J.R. Koontz puts his building on the market

koontztwoWICHITA — A couple of days after celebrating his 40th year in business, J.R. Koontz has put his building – not his J.R. Koontz Flowers – up for sale.

“I’m downsizing,” Koontz says.

“It’s been an increasing struggle for us as well as other businesses.”

Koontz bought the 10,000-square-foot building at 633 N. Broadway in 2003. The building was built as a house and eventually became a funeral home.

He says it’s a “fabulous” space but that he wants “to get out from underneath this.”

Koontz adds that he wants “someone to love it as much as we do because it’s a great facility.”

He says after selling the building, he’ll take care of debts and relocate.

“I have an idea where I’d like to go.”

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Wichita Burner moves to new space

WICHITA — When Ross Lumbert purchased Wichita Burner in February, he knew he wanted to make improvements to the business and its location.

“That was my goal, to give the business a new start,” he says.

That’s what Lumbert is doing now by moving the business from its longtime home at 312 S. Laura to just around the corner at 300 S. Washington, which is the southeast corner of Washington and Waterman.

“I wanted to get out of that old location,” Lumbert says. “It was very old and needed lots of renovations.”

The old space had about 5,000 square feet. The new one has 8,000 square feet.

Lumbert says there’s a great interior on the new space which is “much better suited for our purposes.”

“Wichita Burner has historically been the go-to guys for parts and systems related to commercial heating and boiler systems,” Lumbert says.

“I want people to know that Wichita Burner is continuing to grow and to improve our ability to supply the marketplace. … We’re trying to improve our ability to meet the growing demand.”

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Grubb & Ellis/Martens Commercial Group is now NAI Martens; NAI John T. Arnold Associates drops its NAI affiliation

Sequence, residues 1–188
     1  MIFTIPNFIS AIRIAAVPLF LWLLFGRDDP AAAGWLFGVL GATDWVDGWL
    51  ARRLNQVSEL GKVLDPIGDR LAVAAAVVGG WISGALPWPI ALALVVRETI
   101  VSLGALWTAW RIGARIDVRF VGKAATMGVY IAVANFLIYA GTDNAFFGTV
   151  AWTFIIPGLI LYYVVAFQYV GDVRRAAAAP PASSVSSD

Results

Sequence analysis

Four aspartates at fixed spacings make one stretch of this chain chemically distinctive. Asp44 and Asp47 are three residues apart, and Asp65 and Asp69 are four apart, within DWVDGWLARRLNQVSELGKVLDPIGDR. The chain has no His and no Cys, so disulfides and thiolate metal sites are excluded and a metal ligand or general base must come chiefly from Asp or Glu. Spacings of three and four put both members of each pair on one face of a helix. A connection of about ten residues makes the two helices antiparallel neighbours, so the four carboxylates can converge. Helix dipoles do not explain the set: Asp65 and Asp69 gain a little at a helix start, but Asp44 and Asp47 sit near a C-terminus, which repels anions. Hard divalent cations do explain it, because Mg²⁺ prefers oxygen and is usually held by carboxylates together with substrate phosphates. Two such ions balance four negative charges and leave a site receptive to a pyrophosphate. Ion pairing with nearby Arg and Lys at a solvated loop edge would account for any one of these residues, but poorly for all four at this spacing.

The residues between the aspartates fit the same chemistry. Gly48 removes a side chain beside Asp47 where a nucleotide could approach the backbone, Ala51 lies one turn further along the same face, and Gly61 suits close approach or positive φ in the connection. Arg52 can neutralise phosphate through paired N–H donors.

Steve Martens (left) and Tom Johnson of the newly named NAI Martens.

WICHITA — Turns out Steve Martens will have to order new stationery.

“We have left Grubb and Ellis,” says the CEO of what formerly was known as Grubb & Ellis/Martens Commercial Group.

The company now is an affiliate of NAI Global and will be known as NAI Martens.

Wichita’s John T. Arnold Associates previously was an NAI affiliate and now is an independent operation.

“We’re just kind of relooking at our … working model,” says John T. Arnold president Marlin Penner. He says he and executive vice president Don Arnold decided to focus on the clients they have and simplify their operation. NAI asked that they retain the affiliation until it could find another one in the market.

“We have a huge respect for Steve and his organization, and we’re just thrilled they’re taking it over,” Penner says. “It was the right thing for everybody involved.”

California-based Grubb & Ellis filed for bankruptcy early this year and eventually sold to BGC Partners.

At the time, Martens told Have You Heard? that there was a chance the firm could remain an affiliate or go another direction.

“We wanted to find the right fit,” he says.

“We looked at virtually every other opportunity that was out there,” says NAI Martens president Tom Johnson. “Anyone that’s not in the market is someone we talked to.”

NAI is a group Martens talked to before deciding to affiliate with Grubb & Ellis in 2000.

“Over the years, they have really grown and matured as a company,” Johnson says.

C-III Capital Partners completed its purchase of NAI Global this summer.

“C-III brings to them the capital they need to grow and really develop that company,” Johnson says.

With more than 5,000 employees in 350 offices, NAI Global is the largest international network of commercial real estate firms. All its affiliates are independently owned and operated, which is key for Martens and Johnson.

If a company has affiliates and corporate offices, the affiliates “sometimes are stepchildren,” Johnson says.

“With NAI, everybody is on the same footing.”

He says the affiliates can share best practices in a noncompetitive way.

“It allows us to up our business from an entrepreneurial standpoint,” Johnson says.

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